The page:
Friday, March 6, 2009
This was the sky over Worthley Pond this morning as I warmed up the car. Pretty dreary and dull. On the up side the Hermit Island reservations came in the mail yesterday, the Music Man and I will be enjoying two camping trips there this summer. So let's hope that I can get more Skywatch Friday pictures that look like this! The Hermit Island Gods were smiling on us to get such great reservations, I think the offering at the Hermit Hut helped!
Thursday, March 5, 2009
Tuesday, March 3, 2009
Monday, March 2, 2009
More about the book..... although it is a short and quick read it is packed with events that make you contemplate decisions that people make. Here is what amazon.com had to say:
Michael Berg, 15, is on his way home from high school in post-World War II Germany when he becomes ill and is befriended by a woman who takes him home. When he recovers from hepatitis many weeks later, he dutifully takes the 40-year-old Hanna flowers in appreciation, and the two become lovers. The relationship, at first purely physical, deepens when Hanna takes an interest in the young man's education, insisting that he study hard and attend classes. Soon, meetings take on a more meaningful routine in which after lovemaking Michael reads aloud from the German classics. There are hints of Hanna's darker side: one inexplicable moment of violence over a minor misunderstanding, and the fact that the boy knows nothing of her life other than that she collects tickets on the streetcar. Content with their arrangement, Michael is only too willing to overlook Hanna's secrets. She leaves the city abruptly and mysteriously, and he does not see her again until, as a law student, he sits in on her case when she is being tried as a Nazi criminal. Only then does it become clear that Hanna is illiterate and her inability to read and her false pride have contributed to her crime and will affect her sentencing. The theme of good versus evil and the question of moral responsibility are eloquently presented in this spare coming-of-age story that's sure to inspire questions and passionate discussion.Enjoy ~SJ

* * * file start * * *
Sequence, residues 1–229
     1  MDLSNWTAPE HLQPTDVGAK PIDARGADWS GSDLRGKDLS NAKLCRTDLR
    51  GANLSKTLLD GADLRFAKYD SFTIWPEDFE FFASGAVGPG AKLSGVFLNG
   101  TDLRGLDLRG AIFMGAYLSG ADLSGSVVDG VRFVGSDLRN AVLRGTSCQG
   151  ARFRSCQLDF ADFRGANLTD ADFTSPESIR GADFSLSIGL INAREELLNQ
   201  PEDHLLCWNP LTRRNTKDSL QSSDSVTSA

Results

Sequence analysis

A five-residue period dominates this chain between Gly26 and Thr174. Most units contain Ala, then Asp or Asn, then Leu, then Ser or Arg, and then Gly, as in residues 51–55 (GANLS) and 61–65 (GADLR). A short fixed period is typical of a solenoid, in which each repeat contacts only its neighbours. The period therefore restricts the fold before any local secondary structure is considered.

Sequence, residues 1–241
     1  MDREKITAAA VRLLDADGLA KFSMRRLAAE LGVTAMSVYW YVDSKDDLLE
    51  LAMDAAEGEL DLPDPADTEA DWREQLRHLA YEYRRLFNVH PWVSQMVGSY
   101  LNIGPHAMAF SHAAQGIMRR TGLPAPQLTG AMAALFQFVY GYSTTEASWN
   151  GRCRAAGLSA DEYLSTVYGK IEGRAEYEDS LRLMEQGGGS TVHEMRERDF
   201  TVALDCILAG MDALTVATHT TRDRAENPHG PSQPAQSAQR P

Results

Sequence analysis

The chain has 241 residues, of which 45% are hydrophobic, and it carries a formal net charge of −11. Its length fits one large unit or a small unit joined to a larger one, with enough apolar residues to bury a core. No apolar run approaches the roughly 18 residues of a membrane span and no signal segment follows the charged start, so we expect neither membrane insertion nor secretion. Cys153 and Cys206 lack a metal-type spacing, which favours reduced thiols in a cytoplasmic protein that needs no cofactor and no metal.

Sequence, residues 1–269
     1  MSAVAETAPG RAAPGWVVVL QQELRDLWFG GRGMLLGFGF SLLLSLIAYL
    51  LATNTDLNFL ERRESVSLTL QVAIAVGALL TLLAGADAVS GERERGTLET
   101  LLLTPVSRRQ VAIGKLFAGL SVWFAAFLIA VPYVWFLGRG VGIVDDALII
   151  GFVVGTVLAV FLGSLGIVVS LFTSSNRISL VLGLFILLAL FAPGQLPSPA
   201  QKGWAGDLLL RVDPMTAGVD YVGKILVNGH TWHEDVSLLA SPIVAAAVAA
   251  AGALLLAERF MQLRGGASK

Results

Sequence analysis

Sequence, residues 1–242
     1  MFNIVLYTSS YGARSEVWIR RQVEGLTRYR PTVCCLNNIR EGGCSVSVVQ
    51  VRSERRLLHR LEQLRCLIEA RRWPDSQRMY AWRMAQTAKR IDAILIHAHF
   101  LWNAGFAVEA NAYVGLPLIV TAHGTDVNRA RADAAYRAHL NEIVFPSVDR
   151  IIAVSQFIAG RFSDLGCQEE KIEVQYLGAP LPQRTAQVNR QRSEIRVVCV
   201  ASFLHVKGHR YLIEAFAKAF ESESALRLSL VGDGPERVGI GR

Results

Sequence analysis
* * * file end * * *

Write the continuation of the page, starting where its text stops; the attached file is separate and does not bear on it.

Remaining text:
Sunday, March 1, 2009
Harvard professor, Washington power broker and former Gore 2000 campaign chair Donna Brazile's life might make for a pretty entertaining Hollywood movie if an actress could be found gutsy enough to take on such a complex and intimidating leading role. From humble blue-collar Louisiana beginnings as one of nine children, Brazile went on to organize voter registration drives, marches to commemorate Martin Luther King, Jr., and ultimately national political campaigns. In her memoir Cooking With Grease, Brazile shares candid perspectives on her employers and causes. And while Mike Dukakis and Dick Gephardt fans will be pleased to know their men are included, it is the insights on the charismatic preacher/activist/presidential candidate Jesse Jackson and Al Gore, whom Brazile insists won the controversial 2000 election, that make this a must read for devotees of modern political history. Her accounts of being backstage in the Gore camp shed valuable light on the tense political climate of that year's election and post-election recount mess in a way that only a select few from either the Bush or Gore campaigns could legitimately offer. Still, none of the candidates shine quite so brightly in this book as the author herself. Washington is, after all, operated, with a few exceptions, by moneyed white men and for a black woman from a humble background to succeed requires determination, a quick wit, and a powerful intellect. As Brazile climbs the political ladder, those qualities come in to sharp relief. But while Cooking With Grease is inspirational, and Brazile really ought to be auctioning the film rights if she hasn't already done so, it doesn't preach, inspiring by example rather than exhorting the reader to follow Brazile's own course of action.